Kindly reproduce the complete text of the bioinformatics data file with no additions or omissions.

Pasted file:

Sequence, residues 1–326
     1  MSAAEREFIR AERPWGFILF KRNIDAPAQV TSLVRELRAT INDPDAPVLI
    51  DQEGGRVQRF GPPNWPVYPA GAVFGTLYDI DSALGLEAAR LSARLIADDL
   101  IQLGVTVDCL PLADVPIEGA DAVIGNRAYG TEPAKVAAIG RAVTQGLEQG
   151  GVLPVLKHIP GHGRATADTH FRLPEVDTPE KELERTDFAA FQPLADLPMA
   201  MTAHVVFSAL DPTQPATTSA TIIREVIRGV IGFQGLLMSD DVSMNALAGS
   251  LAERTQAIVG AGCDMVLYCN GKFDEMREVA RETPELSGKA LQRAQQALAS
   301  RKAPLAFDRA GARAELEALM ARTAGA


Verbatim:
Sequence, residues 1–326
     1  MSAAEREFIR AERPWGFILF KRNIDAPAQV TSLVRELRAT INDPDAPVLI
    51  DQEGGRVQRF GPPNWPVYPA GAVFGTLYDI DSALGLEAAR LSARLIADDL
   101  IQLGVTVDCL PLADVPIEGA DAVIGNRAYG TEPAKVAAIG RAVTQGLEQG
   151  GVLPVLKHIP GHGRATADTH FRLPEVDTPE KELERTDFAA FQPLADLPMA
   201  MTAHVVFSAL DPTQPATTSA TIIREVIRGV IGFQGLLMSD DVSMNALAGS
   251  LAERTQAIVG AGCDMVLYCN GKFDEMREVA RETPELSGKA LQRAQQALAS
   301  RKAPLAFDRA GARAELEALM ARTAGA